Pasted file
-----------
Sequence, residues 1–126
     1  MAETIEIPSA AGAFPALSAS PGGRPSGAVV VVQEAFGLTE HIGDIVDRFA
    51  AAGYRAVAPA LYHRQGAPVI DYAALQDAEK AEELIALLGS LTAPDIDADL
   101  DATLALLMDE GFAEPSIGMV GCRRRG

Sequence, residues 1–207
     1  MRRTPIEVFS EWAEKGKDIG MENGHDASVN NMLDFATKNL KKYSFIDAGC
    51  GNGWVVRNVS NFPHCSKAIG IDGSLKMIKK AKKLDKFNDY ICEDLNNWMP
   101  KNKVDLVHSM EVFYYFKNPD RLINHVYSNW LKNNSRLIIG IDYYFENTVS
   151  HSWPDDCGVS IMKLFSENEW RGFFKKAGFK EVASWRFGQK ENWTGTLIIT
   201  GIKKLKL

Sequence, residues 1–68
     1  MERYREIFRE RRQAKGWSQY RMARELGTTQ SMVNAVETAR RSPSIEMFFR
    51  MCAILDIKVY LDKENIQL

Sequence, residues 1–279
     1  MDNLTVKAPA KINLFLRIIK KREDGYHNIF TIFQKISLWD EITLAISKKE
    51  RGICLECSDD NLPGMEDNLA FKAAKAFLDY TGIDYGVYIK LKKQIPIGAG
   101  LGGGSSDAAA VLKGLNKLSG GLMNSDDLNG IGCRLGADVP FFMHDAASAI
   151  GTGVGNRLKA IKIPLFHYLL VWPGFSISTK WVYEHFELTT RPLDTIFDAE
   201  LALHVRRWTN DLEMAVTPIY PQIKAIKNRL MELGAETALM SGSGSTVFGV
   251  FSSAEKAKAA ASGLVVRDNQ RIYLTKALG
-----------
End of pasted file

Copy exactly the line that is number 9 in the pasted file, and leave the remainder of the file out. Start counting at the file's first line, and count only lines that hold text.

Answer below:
   151  HSWPDDCGVS IMKLFSENEW RGFFKKAGFK EVASWRFGQK ENWTGTLIIT